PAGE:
the scene today is a complete ecosystem of varied spaces that support not just local acts, but also national headliners, rising independent artists, local experimenters and wandering troubadours. This scene isn’t just about the music either. A bevy of pop-up restaurants, boutiques and gourmet food trucks have emerged alongside the music. The music itself is no longer just about the performance, but about the experience of the event and the curated nature of the environment. Different spaces emerge and evolve along with the particular needs of performers and audiences alike. This list is by no means meant to be exhaustive. I have chosen to highlight some of my favorite places to see music along with a generous mix of legendary old guard spaces and exciting newcomers. Frankly, the best way to get to know the scene is to get out and find the place that feels best for you. The wonderful thing about the New Orleans music scene, as it stands now, is that there truly is something for everyone; hopefully this guide will help you find your groove.

packed up shop in 2003, it was only a matter of time before One Eyed Jacks grabbed the marvelous round bar from the Matador and moved in. Ever since, Jacks has been one of the foremost clubs for live music in New Orleans. Like its predecessor, Jacks has always been a center of the burlesque revival, with regular performances from some of the most talented performers on the scene. There is a sexy seediness to Jacks that just works. A long and relatively narrow space, the crowd seems to seethe on crowded nights. Also, the downtown location of the (Camellia) Grill is just across the corner and perfect for a late meal after a night of dancing. Jacks regularly scores performances from folks like Ty Segall or Parquet Courts who you would expect to see in much larger spaces.




































new wave duo from New Orleans

All Them Witches,

rock band from Nashville t



space to see music in New Or-

As a relative newcomer on this list of

This Beaux Arts beauty was

venerable establishments, Gasa Gasa

originally constructed in 1918

this space is absolutely perfect.

roared onto the scene in 2013. Born

as a vaudevillian performance

from the remnants of Breezy’s coffee-

hall. The theater has had

house, Gasa has consistently hosted

many lives as a movie house

some of the best bands of the past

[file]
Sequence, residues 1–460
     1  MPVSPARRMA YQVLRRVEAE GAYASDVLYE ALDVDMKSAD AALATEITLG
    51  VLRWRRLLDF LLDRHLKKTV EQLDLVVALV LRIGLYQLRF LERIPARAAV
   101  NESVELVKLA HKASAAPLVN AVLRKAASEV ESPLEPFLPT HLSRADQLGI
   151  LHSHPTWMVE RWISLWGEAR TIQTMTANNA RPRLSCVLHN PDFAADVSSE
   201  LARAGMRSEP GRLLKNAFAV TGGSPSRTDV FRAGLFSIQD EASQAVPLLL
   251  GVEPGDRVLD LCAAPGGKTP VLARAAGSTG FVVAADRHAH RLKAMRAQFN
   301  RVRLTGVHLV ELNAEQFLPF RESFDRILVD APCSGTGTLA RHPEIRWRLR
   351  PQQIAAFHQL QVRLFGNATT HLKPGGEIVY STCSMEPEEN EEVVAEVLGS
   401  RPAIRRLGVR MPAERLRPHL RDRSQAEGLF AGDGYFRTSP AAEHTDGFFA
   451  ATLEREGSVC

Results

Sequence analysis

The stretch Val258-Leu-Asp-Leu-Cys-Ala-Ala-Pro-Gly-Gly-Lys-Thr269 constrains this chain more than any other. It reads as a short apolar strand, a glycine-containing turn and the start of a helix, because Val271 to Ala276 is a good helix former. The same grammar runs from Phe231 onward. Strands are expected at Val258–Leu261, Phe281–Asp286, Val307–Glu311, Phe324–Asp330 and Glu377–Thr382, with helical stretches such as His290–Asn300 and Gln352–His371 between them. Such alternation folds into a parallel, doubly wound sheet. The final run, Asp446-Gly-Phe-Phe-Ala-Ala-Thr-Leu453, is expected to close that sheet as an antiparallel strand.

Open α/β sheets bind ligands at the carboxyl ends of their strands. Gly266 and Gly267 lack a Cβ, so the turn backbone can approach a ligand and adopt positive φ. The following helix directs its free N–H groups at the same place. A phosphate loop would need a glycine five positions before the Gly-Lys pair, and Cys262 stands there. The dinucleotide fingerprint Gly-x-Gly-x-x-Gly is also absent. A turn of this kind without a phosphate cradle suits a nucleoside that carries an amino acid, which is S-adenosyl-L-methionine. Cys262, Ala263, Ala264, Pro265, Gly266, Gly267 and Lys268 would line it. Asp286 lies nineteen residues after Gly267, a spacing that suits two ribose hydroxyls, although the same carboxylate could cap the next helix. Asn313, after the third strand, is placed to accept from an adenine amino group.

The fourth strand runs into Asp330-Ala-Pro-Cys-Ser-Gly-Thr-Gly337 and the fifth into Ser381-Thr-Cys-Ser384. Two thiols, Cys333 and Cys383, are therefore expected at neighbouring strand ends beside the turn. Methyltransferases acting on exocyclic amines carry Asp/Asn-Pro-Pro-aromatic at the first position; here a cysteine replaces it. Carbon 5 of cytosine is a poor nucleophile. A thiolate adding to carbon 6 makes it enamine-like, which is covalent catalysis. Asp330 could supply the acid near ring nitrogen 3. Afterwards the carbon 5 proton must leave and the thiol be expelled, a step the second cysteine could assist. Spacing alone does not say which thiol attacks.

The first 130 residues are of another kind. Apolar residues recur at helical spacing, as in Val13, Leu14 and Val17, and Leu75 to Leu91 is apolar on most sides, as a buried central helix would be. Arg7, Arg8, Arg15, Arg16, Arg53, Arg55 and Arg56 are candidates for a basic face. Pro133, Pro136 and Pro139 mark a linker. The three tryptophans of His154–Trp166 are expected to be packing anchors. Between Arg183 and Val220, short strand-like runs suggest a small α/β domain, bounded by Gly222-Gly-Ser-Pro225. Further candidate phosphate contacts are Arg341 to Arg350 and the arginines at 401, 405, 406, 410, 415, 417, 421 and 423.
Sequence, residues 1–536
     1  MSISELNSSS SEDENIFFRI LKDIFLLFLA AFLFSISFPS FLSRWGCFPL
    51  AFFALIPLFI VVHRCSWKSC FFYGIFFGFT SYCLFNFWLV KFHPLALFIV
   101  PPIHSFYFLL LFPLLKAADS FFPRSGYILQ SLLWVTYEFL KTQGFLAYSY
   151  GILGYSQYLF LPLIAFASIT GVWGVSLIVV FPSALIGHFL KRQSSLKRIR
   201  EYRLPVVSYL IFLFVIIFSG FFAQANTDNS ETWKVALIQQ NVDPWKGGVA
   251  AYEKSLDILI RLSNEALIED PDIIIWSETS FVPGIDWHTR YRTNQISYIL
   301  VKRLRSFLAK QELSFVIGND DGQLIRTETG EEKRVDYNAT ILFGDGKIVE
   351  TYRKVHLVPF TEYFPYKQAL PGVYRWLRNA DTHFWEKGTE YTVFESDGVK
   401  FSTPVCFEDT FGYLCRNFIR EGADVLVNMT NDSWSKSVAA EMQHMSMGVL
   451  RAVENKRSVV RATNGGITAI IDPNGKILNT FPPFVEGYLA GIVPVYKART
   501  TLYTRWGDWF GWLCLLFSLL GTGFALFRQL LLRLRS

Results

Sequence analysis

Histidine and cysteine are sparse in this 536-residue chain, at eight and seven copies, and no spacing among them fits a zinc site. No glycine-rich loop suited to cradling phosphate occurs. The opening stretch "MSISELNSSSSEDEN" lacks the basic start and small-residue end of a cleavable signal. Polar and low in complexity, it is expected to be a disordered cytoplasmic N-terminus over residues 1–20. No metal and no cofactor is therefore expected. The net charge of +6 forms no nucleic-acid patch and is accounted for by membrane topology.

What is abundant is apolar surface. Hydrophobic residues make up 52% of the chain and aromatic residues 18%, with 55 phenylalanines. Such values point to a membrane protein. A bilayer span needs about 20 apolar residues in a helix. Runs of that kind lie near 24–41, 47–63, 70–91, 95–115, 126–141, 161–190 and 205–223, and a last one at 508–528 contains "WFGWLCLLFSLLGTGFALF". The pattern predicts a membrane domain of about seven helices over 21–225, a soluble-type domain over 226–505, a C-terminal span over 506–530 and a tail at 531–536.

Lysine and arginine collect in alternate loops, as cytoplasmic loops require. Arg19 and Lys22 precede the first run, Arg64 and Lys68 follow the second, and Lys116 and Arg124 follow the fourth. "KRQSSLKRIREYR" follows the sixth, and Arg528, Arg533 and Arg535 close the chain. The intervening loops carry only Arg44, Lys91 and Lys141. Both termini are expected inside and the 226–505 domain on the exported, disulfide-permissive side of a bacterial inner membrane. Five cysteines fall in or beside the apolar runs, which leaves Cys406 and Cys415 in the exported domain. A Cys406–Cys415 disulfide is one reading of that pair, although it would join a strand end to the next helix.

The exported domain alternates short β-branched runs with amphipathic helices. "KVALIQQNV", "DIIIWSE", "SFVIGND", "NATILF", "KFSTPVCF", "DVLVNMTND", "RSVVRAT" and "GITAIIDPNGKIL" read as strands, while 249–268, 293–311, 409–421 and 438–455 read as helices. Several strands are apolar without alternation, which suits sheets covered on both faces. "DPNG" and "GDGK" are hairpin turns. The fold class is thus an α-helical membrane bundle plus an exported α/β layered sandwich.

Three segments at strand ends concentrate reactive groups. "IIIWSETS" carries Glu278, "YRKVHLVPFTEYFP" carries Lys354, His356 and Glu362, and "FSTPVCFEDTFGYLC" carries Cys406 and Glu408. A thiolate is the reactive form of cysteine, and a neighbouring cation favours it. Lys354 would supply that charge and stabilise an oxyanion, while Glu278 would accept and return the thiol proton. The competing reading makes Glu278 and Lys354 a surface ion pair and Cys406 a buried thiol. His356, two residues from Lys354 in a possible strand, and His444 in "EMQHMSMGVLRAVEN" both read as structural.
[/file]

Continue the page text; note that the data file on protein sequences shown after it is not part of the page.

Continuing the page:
and philharmonic symphony

five years. I have remarked on several

hall. After being damaged in

occasions that years from now we will

Katrina, the theater underwent

be talking about the steady stream of

an extensive renovation to re-

musicians who have passed across its

store both its acoustical purity

stage on their way to stadium shows.

and its stunningly theatrical

Over the last few years a significant

appointments. These renova-

number of the bands on my annual

tions were helmed by Dr. Eric

top ten list have passed through Gasa.

George and Roland Von Kur-

The addition of a courtyard bar and

natowski. The latter of these

seating area, and the regular arrival of

gentlemen is also the owner

local food trucks have cemented Gasa’s

of Tipitina’s and the founder

position as one of the great places to

of the Tipitina’s Foundation,

see music in New Orleans. Pick a night

so the connection to the local

and just go; even if you don’t recognize

scene runs deep. The result of

the name of the band, you are almost

this work was the creation of

certainly guaranteed a great show.

the most aesthetically pleasing

leans right now. The sound in Music simply washes over the space without ever overpowering the audience. The Louisiana Philharmonic Orchestra calls the Orpheum their home, but the theater doesn’t limit itself to the classics. Whatever your tastes, I recommend taking in one of their excellently curated shows.


Siberia is a music lovers dream. Everything in this establishment is focused around the relatively small stage. The space feels vital and improvised, as though something outstanding is just about to happen. The music at Siberia

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Stooges Brass Band

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This beautiful TremĂŠ theater has recently been given a new life under General Manager Chris Ritter and Talent Buyer Davis Rogan. The fully renovated space boasts a brilliant new sound and lighting build-out that complements the space without destroying its historic charm. Rogan has positioned

Honey Island Swamp Band

the theater to be a preeminent venue for showcasing locals. The weekly shows will follow a simple schedule with the Monday Night Blues Series, Mid Week Jazz on Wednesday and #ThirstyThursDAT Brass. One of the great things about these shows is that they happen relatively early by New Orleans standards, so the usual complaints about music getting started too late don’t apply.



































Drive By Truckers



tends toward the experimental,

comedic and musical perfor-

more than any other location

mances throughout the year.

on this list. It is here that you

One of the great things about

can witness noise resolving

the Saenger is even if you grow

into art. It is here that collec-

weary of the performance at

tives and collaborations form

hand the space is engrossing